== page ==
Judith Baumel – Rise, Reign and Ruin



Judith Baumel’s books are The Weight of Numbers, for which she won The Walt Whitman Award of the Academy of American Poets, Now, The Kangaroo Girl, Passeggiate and the forthcoming Thorny.  She is Professor Emerita of English and Founding Director of the Creative Writing Program at Adelphi University. She has served as president of The Association of Writers and Writing Programs, director of The Poetry Society of America and a Fulbright Scholar in Italy.

Dohong was “the presiding genius of the Monkey House”

These days the houses at the zoo are closed—
the stench, the darkness dissipated now,
repurposed concrete beaux-arts shells surround
the Sea Lion Pool and Daily Feeding Show.
Aquatic Birds, the Monkey House all closed,
the Elephant House where infant Sam, the girl,
was once as old as Sam my son.
A TV bank commercial lately shows
a mother with a phone and paper check.
She snaps and automatically adds
the money while she visits at the zoo.
Her daughter worries that a pic could send
a lion to the terrified bank branch.
Before the ATMs made money fast
and easy, banks held vaults of coins and jewels.
These grand pavilions stood for what we thought
we stood for in the natural world. And so
within here Ota Benga Pygmy man
would cradle Dohong the orangutan
while living in a Darwinian display,
exhibited together in ‘06.
The aftermath was worse. He was a free
Virginian when he pulled the trigger of
a stolen gun and closed his body’s head.

Rise, Reign and Ruin

Anne Hutchinson, I’m rifling, riffling through
my landscape of raffles:–with intent to steal,
with intent to sort and mix your revelation—
Split Rock, Glover’s Rock, Mishow Rock, Wilson Rock
Turtle Cove, Treaty Oak, Pelham Bit Stable,
the Kennedy Home For The Retarded on Stillwell.

My family walked on Indian paths where the Lenape
turtle, hidden in hemlock and beech, still aimed
at the Bronx River, and to the Hutchinson River,
to Oostdorp, your dwelling rimmed by sweet grass.
They said you were delivered of thirty monstrous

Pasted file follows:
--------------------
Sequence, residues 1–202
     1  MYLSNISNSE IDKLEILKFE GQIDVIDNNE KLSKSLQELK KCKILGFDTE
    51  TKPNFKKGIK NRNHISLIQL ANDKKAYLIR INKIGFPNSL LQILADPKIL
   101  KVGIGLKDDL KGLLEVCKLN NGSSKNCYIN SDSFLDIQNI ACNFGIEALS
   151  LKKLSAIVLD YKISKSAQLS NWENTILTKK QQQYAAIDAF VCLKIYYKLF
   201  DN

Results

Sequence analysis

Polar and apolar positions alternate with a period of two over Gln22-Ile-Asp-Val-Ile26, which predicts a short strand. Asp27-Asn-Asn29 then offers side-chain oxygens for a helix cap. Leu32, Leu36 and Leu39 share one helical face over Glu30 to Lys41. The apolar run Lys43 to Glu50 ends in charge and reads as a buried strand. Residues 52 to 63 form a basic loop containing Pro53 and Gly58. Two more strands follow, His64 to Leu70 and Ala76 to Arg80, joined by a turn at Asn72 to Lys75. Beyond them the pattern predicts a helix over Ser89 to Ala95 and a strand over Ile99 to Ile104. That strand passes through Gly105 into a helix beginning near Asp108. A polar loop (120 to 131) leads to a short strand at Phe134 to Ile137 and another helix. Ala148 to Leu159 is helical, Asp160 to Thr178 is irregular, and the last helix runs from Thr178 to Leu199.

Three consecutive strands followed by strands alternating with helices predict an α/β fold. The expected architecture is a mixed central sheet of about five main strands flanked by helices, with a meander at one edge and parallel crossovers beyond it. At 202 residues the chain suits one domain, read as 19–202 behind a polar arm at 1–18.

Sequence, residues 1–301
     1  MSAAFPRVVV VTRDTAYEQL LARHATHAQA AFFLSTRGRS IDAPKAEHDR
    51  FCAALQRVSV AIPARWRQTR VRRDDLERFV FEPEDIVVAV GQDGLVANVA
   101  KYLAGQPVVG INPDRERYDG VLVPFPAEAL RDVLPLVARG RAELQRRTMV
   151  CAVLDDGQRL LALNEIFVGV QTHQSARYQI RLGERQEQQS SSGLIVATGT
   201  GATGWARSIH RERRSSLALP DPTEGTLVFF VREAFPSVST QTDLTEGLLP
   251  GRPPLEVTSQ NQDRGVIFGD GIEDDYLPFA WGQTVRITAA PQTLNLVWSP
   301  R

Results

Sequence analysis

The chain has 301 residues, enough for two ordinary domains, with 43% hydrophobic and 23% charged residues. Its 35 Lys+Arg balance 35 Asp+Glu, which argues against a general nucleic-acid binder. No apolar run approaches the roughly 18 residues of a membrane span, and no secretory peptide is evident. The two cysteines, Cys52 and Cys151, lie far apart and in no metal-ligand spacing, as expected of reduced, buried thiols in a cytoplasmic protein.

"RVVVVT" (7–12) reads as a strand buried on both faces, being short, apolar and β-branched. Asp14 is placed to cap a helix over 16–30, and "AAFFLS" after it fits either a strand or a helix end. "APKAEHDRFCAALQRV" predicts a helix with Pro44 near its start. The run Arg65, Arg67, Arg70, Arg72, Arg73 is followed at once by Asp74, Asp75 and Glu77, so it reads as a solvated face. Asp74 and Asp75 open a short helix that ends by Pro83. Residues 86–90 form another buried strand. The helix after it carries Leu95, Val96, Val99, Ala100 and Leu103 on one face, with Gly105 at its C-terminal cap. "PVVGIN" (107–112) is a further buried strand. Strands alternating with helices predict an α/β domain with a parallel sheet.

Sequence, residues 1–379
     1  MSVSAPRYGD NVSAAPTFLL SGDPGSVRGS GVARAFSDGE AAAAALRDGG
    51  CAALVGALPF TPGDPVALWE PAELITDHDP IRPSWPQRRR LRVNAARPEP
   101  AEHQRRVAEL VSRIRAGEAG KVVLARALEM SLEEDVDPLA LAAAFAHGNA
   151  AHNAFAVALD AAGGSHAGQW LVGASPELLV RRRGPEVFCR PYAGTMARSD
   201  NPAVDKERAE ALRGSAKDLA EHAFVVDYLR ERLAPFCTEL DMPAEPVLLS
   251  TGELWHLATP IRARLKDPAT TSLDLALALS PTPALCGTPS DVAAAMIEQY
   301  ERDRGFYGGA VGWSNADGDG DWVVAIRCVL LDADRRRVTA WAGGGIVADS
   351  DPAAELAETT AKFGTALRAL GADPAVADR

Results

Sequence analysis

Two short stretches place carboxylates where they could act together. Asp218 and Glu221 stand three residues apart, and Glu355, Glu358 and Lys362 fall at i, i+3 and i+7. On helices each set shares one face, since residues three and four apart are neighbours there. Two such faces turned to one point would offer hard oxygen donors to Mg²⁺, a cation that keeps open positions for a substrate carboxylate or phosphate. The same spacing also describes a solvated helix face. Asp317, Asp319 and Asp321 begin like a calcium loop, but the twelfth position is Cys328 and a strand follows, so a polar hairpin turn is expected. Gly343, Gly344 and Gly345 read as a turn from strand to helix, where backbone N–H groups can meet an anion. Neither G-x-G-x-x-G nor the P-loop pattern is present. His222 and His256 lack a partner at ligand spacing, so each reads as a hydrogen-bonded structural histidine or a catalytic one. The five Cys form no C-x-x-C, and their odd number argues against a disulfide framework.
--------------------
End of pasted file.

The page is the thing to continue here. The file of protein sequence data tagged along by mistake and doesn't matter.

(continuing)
births none human. They said you hid where the tree
had split the uterine rock, that uncertain canal
as you passed from the very bowels of this life

from “The American Cousins A-Z”

E: Ruth Prawer Jhabvala

Where does she think she comes from
Cousin E asked. How to say, I mean pronounce,
propose the rhythms, stresses, elisions
elite names demand as they signal coded
coiffures, spartan deployment of gemstones,
genteel grips of the fork sinistral, the dedication
definitive and unambiguous to deprivation, the prideful
preference for a two-bar electric radiator in the rococo fireplace.

H: I’ll call you from the other side

The neutral is disconnected and the lights are dimming.
This is a level one call. Technicians will respond
within a week. The live line is draped through the trees,
the downed limb hanging on the line.
This is a level three call. Technicians will respond
within a month. Be sure to call the utility
if your lights are flickering or if you smell gas
or if there is a hurricane in the area or a tornado
or if an ice storm drags everything down.
Be sure to call. Cousin H was on the hook throughout.

P: Renewed

Cousin P was sweeping
into the Broadway IRT, her long skirt
a kind of broom, the fuzzy rickrack hem
picking up dirt, a kind of self-satisfaction
with the blind rosy radical fear she brought.

T: Lassitude was a Goal

Cousin T had constructed a “sleep plan” which
focused most her days and became for her a minor
religious form like the proto-Christian-Shinto sects
that shot out of early twentieth century Japan
and tainted so many, though, of course the sects
worked against lassitude. It was why, maybe, she worked
so hard to achieve it. Not as easy as you think,
not as simple as napping, or sleeping in, or turning in
early. It was something to be pursued
with rigor singled mindedly.

© Judith Baumel